This wonderful and richly-detailed photo depicts Mulberry Street, one of the great arteries of ethnic and cultural life in Manhattan at the end of the 19th and beginning of the 20th century. This picture was taken in 1900. As you can see, there was a tremendous amount going on here. The street is full of market stands, most selling fresh produce, but if you look closely you can also see cobblers selling what look like button-top shoes, furniture movers, a sidewalk café, and a sign for something called “Banco Malzone,” which was probably a small local bank that specialized in making short-term loans to Italian-Americans in the neighborhood. This neighborhood of this era has been depicted in countless movies taking place in New York City, including The Godfather, Part II, Once Upon A Time in America and Avalon.
The geography of Little Italy is interesting. Mulberry Street was one of the five streets that came together at an unusual intersection in Lower Manhattan–the other streets were Orange, Cross, Worth and Little Water–that became known as the Five Points. Located only a few blocks south of the location shown here, the Five Points was the most notorious slum in New York, and possibly the entire world, from the early 19th to early 20th centuries. This period (1900) would have been toward the end of the Five Points’s notoriety, and it’s doubtful that many of the generally honest and law-abiding citizens of Little Italy would ever have ventured down there. But Manhattan was less a city in 1900 than an uneasy confederation of independent neighborhoods; many worlds were contained on these streets.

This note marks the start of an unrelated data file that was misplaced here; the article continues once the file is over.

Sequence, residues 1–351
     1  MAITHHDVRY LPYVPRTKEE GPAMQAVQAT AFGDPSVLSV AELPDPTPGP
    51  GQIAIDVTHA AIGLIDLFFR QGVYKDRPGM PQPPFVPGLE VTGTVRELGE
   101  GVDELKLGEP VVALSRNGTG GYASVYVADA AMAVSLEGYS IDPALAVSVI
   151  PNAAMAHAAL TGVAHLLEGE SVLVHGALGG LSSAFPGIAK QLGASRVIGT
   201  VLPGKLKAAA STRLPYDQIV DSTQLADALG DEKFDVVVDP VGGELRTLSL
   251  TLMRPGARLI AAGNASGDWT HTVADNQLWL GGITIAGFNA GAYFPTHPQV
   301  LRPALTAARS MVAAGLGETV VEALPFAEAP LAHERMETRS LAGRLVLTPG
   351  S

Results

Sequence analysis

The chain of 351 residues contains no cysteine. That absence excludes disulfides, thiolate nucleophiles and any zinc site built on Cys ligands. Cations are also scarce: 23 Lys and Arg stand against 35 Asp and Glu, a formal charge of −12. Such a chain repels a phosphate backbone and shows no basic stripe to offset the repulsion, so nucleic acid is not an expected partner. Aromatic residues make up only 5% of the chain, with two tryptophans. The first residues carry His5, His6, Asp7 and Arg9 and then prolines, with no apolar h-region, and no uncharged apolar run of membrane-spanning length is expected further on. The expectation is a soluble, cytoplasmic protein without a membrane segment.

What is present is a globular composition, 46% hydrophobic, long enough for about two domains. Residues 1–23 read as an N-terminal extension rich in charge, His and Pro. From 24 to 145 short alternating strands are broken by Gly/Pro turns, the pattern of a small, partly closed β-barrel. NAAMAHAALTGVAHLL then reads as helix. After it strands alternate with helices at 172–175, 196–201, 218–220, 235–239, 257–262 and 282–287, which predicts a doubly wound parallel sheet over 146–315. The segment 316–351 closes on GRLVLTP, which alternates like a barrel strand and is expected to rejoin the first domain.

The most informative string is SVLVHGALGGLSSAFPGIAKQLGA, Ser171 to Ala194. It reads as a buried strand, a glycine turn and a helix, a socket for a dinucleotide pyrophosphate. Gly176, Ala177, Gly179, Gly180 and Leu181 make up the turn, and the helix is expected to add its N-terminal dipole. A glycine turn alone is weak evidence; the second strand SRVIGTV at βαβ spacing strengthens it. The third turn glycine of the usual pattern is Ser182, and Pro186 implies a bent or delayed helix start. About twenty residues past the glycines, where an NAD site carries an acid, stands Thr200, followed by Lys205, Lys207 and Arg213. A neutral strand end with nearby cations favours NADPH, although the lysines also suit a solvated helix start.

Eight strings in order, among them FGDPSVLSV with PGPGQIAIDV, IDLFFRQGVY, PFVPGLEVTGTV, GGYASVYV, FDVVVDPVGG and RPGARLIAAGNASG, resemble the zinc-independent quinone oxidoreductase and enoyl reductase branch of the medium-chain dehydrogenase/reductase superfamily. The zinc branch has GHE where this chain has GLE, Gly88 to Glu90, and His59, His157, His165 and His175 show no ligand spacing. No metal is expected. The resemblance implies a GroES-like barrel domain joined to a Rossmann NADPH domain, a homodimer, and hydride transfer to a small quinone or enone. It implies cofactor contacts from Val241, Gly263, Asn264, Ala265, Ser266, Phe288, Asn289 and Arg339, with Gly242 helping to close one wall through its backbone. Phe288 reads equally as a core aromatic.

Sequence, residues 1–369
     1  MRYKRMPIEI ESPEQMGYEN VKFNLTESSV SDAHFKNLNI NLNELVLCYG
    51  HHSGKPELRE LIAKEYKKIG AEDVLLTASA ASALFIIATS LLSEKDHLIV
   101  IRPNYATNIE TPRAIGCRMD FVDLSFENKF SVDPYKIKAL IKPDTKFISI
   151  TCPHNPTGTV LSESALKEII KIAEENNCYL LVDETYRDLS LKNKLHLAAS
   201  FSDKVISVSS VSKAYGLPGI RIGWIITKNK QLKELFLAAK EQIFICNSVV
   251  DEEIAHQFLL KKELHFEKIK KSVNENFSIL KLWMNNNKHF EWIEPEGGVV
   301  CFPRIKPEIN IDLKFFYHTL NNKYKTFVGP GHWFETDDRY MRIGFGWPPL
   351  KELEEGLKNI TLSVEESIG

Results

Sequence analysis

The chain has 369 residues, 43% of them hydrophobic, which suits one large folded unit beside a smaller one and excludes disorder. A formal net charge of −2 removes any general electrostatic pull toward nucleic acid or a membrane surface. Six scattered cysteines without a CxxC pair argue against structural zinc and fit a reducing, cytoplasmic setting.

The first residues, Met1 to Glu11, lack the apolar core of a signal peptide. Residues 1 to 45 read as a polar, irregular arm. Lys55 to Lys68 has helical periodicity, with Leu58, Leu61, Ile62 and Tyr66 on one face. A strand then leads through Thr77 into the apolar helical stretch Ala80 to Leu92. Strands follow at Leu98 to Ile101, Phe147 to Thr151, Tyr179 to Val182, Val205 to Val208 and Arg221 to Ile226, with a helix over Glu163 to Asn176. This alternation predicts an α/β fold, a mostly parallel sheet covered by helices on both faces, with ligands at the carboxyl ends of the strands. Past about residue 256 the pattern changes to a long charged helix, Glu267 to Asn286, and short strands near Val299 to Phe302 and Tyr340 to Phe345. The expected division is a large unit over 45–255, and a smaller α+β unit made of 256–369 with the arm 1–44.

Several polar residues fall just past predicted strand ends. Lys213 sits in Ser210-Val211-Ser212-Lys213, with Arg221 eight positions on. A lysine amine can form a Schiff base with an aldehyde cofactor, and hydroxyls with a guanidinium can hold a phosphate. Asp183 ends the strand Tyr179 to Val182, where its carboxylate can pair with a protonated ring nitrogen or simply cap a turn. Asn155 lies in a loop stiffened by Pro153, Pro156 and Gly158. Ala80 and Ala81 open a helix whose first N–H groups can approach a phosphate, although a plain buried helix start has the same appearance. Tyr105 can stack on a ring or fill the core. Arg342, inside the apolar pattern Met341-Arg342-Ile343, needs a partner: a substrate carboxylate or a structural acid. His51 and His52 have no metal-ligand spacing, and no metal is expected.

This was not taken as a color photo, but was a chromolithograph (or “Photocrom”), which was a high-resolution black and white picture artifically colorized. I’ve done some other examples of those photos here. The most famous dealer in these pictures, at least in the United States, was the Detroit Photographic Company, which sold them as postcards. It went defunct in the 1920s.